Since there is no green food color added, it is natural for the green tea to oxidize during the baking process and for the cake to turn brownish.   Maybe add YOMOGI?   What would you add to maintain the color? baking soda? hmmm.... got to test this some more. 

Hard Baked Eggs Test

Have ever come across a cooking technique that is like a science project.   While I was searching for a recipe, I came across Hard Baked Eggs.   I could not believe it.  It made me to ponder a bit.   It kind of make sense and pose the question - "Why Not?"   I read on, and found out that the it is verified by Alton Brown.   "Oh, okay," I said. "Let's try it..."  I couldn't remember all the details so I just did what I think I remembered the recipe says.  Moist paper towel, eggs, and bake in 350'F oven for 20 minutes.  Then, cool under running water in a bowl.  And Voila.  Beautiful eggs - peeled easily.
 The idea was to be able to Peel massive amounts of eggs easily vs boiled eggs.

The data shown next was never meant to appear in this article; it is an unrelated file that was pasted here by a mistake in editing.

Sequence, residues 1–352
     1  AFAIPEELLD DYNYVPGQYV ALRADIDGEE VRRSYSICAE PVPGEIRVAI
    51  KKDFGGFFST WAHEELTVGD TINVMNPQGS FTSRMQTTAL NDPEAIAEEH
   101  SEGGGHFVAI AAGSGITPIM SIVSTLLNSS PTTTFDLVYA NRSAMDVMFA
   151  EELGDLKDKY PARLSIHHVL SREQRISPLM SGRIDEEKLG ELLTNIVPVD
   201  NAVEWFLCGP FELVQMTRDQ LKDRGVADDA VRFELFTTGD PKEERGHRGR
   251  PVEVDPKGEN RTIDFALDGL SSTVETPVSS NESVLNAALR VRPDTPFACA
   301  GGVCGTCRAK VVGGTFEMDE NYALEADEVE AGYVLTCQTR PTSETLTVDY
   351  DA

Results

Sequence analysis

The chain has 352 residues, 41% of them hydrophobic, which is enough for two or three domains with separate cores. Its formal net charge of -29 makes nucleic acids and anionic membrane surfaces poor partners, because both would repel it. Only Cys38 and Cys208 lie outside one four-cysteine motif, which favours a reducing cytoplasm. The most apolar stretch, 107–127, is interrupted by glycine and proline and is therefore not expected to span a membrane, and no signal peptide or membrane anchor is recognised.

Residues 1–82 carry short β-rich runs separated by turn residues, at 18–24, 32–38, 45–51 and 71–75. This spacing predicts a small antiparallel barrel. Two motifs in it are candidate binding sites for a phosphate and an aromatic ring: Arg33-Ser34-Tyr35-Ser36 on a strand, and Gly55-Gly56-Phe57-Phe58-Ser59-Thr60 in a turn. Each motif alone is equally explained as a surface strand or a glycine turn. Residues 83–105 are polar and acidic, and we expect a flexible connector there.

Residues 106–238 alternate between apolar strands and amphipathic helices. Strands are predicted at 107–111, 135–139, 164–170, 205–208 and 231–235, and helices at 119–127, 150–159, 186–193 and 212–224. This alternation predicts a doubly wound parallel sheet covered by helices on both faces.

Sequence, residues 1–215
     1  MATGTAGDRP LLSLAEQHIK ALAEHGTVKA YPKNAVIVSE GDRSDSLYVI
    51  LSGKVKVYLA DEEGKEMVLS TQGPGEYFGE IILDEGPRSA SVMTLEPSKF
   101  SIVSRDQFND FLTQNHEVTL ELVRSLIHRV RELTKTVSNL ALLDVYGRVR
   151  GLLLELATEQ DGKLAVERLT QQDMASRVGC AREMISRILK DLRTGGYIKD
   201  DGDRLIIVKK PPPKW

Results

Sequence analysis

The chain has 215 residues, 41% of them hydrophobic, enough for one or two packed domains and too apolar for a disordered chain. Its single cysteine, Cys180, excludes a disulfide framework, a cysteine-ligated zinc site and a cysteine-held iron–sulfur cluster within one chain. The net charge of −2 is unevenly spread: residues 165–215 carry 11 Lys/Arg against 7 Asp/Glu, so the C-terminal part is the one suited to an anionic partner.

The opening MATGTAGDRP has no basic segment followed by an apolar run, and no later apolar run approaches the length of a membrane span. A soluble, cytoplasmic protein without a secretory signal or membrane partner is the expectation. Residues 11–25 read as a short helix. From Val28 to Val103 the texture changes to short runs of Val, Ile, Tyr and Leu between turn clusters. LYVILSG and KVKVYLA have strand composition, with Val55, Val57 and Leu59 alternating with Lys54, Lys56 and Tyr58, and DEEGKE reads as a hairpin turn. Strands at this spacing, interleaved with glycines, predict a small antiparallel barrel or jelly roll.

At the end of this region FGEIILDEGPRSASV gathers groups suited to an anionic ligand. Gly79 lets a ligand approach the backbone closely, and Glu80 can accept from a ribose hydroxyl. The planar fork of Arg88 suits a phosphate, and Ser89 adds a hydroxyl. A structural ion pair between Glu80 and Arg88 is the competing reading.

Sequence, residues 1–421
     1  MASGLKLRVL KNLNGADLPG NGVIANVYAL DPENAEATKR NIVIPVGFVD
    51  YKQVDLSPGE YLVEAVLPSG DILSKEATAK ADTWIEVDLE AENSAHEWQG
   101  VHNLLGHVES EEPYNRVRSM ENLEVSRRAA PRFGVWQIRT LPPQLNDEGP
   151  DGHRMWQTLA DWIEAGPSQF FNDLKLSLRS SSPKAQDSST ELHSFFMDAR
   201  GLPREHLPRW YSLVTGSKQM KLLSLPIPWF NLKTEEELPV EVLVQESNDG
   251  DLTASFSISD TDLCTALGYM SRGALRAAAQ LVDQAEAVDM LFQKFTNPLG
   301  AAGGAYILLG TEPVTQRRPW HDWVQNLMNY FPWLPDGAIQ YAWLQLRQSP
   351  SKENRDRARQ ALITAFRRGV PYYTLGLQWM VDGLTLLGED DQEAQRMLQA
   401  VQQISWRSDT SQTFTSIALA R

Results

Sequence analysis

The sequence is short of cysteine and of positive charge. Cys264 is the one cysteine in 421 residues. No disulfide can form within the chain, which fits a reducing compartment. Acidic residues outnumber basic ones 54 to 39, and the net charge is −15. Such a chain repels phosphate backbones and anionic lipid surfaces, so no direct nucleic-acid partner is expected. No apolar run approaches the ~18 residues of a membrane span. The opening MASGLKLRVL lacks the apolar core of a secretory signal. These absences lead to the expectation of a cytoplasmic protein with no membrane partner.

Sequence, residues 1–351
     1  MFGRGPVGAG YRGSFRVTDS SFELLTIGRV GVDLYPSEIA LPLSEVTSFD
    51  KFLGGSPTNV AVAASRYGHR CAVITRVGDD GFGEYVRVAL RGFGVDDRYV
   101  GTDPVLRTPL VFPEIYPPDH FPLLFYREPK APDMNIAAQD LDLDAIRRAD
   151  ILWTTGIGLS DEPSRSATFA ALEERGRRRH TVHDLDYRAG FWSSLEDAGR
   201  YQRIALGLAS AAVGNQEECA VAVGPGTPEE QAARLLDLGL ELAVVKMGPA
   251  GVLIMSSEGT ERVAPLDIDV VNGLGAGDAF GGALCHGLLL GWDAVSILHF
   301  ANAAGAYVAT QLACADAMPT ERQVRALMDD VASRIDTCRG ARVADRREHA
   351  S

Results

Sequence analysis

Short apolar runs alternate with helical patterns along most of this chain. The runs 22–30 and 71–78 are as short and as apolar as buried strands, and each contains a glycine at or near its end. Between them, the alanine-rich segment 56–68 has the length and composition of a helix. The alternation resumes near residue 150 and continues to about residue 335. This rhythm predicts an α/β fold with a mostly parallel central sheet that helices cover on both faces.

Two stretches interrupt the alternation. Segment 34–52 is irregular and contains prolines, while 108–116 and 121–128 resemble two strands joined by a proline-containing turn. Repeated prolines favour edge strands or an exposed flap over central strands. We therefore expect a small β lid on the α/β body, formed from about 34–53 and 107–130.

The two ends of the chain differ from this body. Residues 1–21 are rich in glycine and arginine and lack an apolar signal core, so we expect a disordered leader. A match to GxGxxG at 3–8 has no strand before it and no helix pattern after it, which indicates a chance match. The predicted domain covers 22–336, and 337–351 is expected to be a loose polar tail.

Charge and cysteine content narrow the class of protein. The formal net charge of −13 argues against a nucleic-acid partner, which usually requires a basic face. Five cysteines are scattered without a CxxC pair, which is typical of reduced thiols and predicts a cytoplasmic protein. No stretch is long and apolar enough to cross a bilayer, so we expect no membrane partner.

I must say that this will be my favorite way of cooking eggs.
And afterwards, my son found the article.... And I remembered almost exactly....

by Alton Brown 
Published on March 29, 2013.
Sure you could just boil your eggs for dying or eating, but if you need to do more than one dozen at a time, baking is best.

Position the oven racks in the center of the oven, then arrange the eggs in a mini muffin tin or directly on a thoroughly moist kitchen towel (click play on the video above for more info). Set the oven to 320 degrees F and bake for 30 minutes. When the eggs are done fill a large bowl with ice water and move the eggs into a bowl. Peel the eggs as soon as they are cool enough to handle, then return them to the ice bath to thoroughly chill.

I usually find baked eggs a little harder to peel than steamed (or boiled), but just barely. The fact that shell of the baked eggs gets hotter during cooking than the shell of the steamed eggs may be a factor. Still I prefer the slightly creamier texture of baked eggs to steamed or boil. I imagine its because the dry heat moves into these eggs more slowly than steam heat does.

 Then, I got some home grown green onions from my garden and ate it with my RAMEN.

Matchbook Winery visit

I visited Matchbook Winery a couple of weekends ago to do something different.
Matchbook Winery is located in Zamora, California, west of Sacramento up Highway 5. 
12300 County Road 92B
Zamora, CA 95698
I am not a wine drinker, but I enjoyed the scenery and Pasta Queen luncheon at the site.

On the way back, I notice beautiful hills and happy frolicking horses, especially the white ones.  It seems to know that it is so beautiful, and I am watching it.